In a written statement, Mayor Steve Adler announced that restaurant and beverage operations are expected to close their dining rooms between the hours of 10:30 p.m. and 6:00 a.m. The curfew will be in place beginning Dec. 31 and continuing through Jan. 3. Violation of this order could result in a misdemeanor and a fine of up to $1,000.
Under the curfew, venues may still operate between 10:30 p.m. and 6 a.m. using drive-thru, curbside pick-up, take-out or delivery services, according to the statement.
Austin officials are encouraging residents to take advantage of takeout and delivery services to support businesses, as New Year's Eve is normally one of the busiest nights of the year.
Despite the order not requiring a total shutdown, Texas Gov. Greg Abbott responded in a tweet yesterday saying: "This shutdown order by Austin isn't allowed. Period."
The Texas Attorney General's Office backed the governor by tweeting the "shutdown" is a violation of Abbott's Executive Order GA-32. The office added that Austin-Travis County "must rescind or modify their local orders immediately."
During a press conference on Wednesday, Adler said the curfew does not violate Abbott's Executive Order because it is an "operational constraint" and does not require restaurants and bars to shut down.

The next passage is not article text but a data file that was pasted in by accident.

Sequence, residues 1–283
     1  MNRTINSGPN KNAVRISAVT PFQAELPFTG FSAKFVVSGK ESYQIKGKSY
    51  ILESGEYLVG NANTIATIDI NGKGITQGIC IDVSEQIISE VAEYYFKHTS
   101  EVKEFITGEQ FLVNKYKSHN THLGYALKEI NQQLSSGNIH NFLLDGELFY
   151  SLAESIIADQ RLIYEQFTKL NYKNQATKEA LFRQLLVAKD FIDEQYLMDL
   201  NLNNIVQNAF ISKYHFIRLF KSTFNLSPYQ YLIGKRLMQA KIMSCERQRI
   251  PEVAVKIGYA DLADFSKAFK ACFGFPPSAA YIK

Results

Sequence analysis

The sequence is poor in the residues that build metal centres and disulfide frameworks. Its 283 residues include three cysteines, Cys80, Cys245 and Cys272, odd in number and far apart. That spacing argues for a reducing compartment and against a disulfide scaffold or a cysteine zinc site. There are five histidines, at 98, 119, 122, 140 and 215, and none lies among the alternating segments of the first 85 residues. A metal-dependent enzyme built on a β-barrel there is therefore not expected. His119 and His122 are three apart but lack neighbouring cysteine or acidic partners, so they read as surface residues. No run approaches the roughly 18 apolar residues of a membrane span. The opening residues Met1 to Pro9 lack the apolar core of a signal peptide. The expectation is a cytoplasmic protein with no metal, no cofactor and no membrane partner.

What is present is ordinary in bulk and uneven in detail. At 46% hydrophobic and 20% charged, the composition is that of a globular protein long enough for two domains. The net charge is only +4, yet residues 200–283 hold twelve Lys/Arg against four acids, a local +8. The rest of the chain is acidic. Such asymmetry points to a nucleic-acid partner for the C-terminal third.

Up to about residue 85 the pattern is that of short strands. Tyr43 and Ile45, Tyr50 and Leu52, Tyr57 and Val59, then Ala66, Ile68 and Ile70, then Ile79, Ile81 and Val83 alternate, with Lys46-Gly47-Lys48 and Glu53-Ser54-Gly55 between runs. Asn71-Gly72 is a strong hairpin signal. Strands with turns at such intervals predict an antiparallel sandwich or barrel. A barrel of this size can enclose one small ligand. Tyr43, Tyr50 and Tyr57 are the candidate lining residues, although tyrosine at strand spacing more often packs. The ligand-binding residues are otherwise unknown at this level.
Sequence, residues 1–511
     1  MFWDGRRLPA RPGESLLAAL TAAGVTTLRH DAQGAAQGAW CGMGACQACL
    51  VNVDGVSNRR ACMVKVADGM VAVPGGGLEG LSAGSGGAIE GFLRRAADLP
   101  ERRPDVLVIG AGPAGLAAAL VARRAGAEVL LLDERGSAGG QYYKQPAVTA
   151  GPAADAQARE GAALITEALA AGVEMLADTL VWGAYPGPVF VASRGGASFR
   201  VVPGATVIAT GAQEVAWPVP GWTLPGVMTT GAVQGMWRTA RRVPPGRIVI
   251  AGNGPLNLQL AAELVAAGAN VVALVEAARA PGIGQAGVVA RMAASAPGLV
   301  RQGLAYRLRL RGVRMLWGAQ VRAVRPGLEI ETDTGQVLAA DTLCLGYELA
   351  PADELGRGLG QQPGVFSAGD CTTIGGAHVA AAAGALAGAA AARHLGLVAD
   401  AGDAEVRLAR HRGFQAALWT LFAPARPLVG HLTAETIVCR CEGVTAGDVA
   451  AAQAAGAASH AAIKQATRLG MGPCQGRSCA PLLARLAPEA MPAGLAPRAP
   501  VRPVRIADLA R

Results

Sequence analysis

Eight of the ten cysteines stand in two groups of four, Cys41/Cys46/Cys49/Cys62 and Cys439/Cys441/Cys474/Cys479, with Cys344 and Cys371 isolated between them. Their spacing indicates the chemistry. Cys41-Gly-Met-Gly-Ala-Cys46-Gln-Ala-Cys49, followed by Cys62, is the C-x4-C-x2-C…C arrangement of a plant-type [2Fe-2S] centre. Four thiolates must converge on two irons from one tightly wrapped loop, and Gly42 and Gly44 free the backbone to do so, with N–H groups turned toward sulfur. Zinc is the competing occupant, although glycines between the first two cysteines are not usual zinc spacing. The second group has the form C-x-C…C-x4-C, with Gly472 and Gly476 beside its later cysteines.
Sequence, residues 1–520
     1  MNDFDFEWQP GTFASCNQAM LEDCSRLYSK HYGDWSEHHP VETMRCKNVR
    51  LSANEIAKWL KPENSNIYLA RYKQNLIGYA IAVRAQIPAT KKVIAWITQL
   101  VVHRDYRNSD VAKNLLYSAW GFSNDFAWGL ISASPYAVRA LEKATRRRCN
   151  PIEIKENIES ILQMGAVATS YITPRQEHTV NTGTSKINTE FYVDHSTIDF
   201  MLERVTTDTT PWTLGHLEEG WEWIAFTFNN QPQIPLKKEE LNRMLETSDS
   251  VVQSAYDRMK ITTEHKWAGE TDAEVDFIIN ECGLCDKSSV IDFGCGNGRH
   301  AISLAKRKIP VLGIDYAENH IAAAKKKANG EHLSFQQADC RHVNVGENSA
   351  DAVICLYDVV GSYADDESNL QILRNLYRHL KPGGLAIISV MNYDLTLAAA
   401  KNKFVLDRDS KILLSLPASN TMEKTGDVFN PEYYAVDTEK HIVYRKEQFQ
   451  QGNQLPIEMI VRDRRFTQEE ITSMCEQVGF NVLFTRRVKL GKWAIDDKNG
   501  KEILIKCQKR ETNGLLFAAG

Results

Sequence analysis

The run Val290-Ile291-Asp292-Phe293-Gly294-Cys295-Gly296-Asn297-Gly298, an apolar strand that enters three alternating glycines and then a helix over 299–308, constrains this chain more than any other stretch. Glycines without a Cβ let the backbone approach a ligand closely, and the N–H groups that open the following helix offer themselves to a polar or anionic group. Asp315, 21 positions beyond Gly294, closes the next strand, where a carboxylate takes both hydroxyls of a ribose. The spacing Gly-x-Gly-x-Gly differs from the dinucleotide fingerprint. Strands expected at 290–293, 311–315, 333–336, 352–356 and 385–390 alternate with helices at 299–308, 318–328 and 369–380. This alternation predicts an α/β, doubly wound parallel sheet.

"The reason that we're doing this is because it focuses on the activity where people are together without wearing masks, and that's what the experts tell us is the single biggest point of potential risk," Adler said. "We have a narrowly tailored order with an emphasis on operational change."
Adler also said the order will be enforced with officers on patrol throughout the nights the curfew is in effect. However, he emphasized that the city cannot enforce its way to flattening the curve and the city is asking residents and businesses to do the right thing for their community.
"(Restaurants are) getting hit much greater than most other industries in the city," Adler said. "The people in these businesses are taking a severe and significant financial hit for the greater good and we as a community can help mitigate that."
With a 200% increase in hospitalization since the beginning of the month and ICU utilization up 50% in the last eight days, Austin-Travis County Interim Health Authority Dr. Mark Escott said he is worried that Austin will enter the new year in a state of emergency.
"We're asking people to do the right thing," Escott said. "We're asking people to love your neighbors and to not hold those parties which we know are dangerous. We're in a time where we have to limit the risk as much as we can to avoid an overwhelming surge, where by the end of January we need 1,500 hospital beds and more than 500 ICU beds that we just don't have."
This story was updated to include details from the press conference earlier today.